Marking the end of an era, Deutsche Post has discontinued its overnight airmail network in Germany after 63 years in operation. The early hours of March 28 saw the last overnight flights by Eurowings and Tui Fly transporting letters to and from northern and southern Germany on the routes Stuttgart-Berlin, Hanover-Munich and Hanover-Stuttgart. In the interest of sustainability, letter mail on these routes will be transported exclusively via road in the future. This will allow Deutsche Post to reduce transport-related CO2 emissions on these routes by more than 80%.

“We conclude the era of overnight letter airmail with mixed feelings,” says Marc Hitschfeld, Chief Operations Officer of DHL Group’s Post & Parcel Germany division. “In times of climate change, airmail for domestic letters within Germany can no longer be justified – also because there is no longer the same urgency associated with letter mail as in decades past. So on the one hand, the end of domestic airmail is good news for the environment. On the other hand, the end of overnight airmail closes a chapter of postal history which many Deutsche Post employees have identified with for decades.”

On August 22, 1961, Germany’s then Federal Minister of Post and Telecommunications Richard Stücklen (CSU) and the chairman of Deutsche Lufthansa AG signed a contract for the transport of letters and postcards by air within the Federal Republic of Germany without airmail surcharge. This marked the start of the overnight airmail network, which officially began operations on September 1, 1961, with the goal of faster letter mail service within Germany. At the time, letters and telegrams were the only medium for quickly transmitting written communication – a function long since assumed by digital media such as email, WhatsApp, etc.

The first partner in the overnight airmail network was Lufthansa, which serviced all routes at the time with the exception of the air corridor to Berlin controlled by the Western Allies (serviced by the American carrier PanAm until 1990). Over the years, additional airlines were added to service the network, with Lufthansa terminating its service in 2008. The Frankfurt (am Main) airport served as the network hub for decades, but lost this role in 2005 due to the ban on night flights at Frankfurt.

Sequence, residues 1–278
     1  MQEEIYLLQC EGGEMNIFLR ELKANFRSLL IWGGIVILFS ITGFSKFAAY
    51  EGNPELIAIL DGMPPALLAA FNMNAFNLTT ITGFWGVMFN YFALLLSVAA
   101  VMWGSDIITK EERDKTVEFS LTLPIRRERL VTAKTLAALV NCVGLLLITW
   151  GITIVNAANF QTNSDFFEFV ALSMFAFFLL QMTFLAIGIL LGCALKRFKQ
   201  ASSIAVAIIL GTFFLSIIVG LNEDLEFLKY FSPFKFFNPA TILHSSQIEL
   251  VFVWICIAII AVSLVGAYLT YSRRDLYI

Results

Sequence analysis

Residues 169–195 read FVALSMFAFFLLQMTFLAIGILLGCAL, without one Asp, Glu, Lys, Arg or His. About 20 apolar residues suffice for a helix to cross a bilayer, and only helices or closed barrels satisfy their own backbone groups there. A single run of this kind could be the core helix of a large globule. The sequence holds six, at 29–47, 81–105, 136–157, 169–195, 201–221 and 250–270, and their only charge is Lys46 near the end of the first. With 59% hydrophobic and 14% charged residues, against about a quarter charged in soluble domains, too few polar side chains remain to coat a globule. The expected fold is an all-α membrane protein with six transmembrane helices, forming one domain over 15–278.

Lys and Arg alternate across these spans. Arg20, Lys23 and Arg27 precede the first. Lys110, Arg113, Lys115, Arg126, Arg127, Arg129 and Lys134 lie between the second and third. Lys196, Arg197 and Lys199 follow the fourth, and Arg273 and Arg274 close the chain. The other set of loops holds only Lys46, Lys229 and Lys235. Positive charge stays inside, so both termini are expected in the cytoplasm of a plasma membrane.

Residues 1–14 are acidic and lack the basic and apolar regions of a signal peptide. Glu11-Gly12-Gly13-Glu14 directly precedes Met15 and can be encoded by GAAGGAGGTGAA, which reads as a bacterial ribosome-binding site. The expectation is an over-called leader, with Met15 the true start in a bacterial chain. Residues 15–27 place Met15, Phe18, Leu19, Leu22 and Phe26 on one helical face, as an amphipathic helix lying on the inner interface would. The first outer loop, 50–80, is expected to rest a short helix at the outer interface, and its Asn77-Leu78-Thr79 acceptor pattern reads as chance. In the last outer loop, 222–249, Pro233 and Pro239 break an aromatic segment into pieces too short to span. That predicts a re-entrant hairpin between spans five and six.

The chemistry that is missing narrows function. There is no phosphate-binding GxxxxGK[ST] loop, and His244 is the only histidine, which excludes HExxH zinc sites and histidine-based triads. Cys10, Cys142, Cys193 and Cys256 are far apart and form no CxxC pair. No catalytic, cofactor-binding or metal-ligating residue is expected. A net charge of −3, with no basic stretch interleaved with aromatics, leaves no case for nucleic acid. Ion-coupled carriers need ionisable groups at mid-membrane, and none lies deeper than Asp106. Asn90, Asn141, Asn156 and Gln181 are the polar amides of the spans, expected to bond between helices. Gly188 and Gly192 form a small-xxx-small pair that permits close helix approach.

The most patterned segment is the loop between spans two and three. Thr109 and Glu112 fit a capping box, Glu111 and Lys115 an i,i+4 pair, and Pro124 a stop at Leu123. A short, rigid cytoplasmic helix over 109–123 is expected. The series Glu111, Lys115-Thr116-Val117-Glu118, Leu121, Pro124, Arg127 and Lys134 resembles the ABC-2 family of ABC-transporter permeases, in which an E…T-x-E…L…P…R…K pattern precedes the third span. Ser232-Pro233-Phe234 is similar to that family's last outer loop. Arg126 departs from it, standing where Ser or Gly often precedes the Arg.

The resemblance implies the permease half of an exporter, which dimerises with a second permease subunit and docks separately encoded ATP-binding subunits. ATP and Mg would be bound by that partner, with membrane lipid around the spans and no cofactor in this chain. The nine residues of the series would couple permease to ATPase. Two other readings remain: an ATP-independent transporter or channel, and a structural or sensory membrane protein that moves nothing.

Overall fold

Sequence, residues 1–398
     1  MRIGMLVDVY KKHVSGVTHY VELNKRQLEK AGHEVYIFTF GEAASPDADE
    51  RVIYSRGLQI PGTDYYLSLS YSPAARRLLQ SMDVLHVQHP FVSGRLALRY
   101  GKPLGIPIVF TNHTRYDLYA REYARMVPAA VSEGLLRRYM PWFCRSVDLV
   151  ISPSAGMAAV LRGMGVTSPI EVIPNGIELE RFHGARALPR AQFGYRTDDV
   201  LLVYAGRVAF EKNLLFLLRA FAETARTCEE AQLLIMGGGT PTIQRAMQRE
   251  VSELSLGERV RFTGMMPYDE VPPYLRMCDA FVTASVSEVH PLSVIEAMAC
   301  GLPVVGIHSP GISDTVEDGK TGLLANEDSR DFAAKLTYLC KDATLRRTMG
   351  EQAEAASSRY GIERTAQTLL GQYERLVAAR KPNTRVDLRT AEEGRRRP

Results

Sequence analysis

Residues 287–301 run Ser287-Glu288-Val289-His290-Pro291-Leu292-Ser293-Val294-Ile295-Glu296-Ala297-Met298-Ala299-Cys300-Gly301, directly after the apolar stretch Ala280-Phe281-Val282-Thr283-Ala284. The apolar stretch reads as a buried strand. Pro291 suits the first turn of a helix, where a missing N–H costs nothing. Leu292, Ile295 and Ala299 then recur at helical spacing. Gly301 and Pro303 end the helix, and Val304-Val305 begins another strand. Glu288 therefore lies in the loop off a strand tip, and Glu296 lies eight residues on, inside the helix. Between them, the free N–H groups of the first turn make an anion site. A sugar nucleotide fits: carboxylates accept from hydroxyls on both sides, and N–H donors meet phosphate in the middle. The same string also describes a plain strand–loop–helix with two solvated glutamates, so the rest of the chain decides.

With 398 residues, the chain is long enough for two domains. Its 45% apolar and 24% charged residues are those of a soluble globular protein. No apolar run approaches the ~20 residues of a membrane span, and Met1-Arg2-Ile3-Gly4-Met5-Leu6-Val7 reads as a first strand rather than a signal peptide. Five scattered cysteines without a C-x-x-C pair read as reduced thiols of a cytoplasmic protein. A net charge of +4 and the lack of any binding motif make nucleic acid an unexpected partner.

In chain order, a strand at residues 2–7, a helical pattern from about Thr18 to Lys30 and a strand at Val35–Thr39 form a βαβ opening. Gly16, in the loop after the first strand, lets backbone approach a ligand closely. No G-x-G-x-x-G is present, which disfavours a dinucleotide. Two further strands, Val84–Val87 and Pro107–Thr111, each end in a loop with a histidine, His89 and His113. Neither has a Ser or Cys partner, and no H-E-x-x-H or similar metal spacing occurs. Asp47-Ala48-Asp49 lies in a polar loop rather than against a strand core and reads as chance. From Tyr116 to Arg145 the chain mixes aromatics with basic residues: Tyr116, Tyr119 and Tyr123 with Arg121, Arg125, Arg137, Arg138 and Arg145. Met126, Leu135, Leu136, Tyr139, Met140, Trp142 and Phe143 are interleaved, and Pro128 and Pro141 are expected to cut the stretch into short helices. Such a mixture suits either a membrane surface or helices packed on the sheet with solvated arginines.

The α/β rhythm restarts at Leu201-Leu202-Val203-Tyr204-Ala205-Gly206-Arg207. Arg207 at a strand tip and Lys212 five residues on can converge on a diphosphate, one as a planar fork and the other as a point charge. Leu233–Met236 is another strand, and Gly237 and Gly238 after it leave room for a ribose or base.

As late as 1996, Deutsche Post was still transporting some 430 metric tons of letter mail with 26 partner airline aircraft to 45 destinations every night. In the end, it was only 53 metric tons, with six aircraft servicing the routes Stuttgart-Berlin, Hanover-Munich and Hanover-Stuttgart (each in both directions). This amounted to some 1.5 million letters flown each night or roughly 270,000 items per aircraft on average.

Political and social consensus in Germany today has largely determined that ensuring speedy delivery of most domestic letter mail by the following workday is no longer a core component of universal postal service. Instead, focus is much more on the social-environmental aspects and impacts of the postal service. Accordingly, the reforms to Germany’s Postal Act (PostModG) – currently in deliberation in Germany’s parliament and expected to take effect soon – stipulate longer transit times for letter mail, which has long been the norm in most EU countries. Nevertheless, Deutsche Post will continue to ensure fast letter mail transport between northern and southern Germany with the deployment of Sprinter vans, among other modes. This is also made possible by reduced letter mail volumes and sorting times.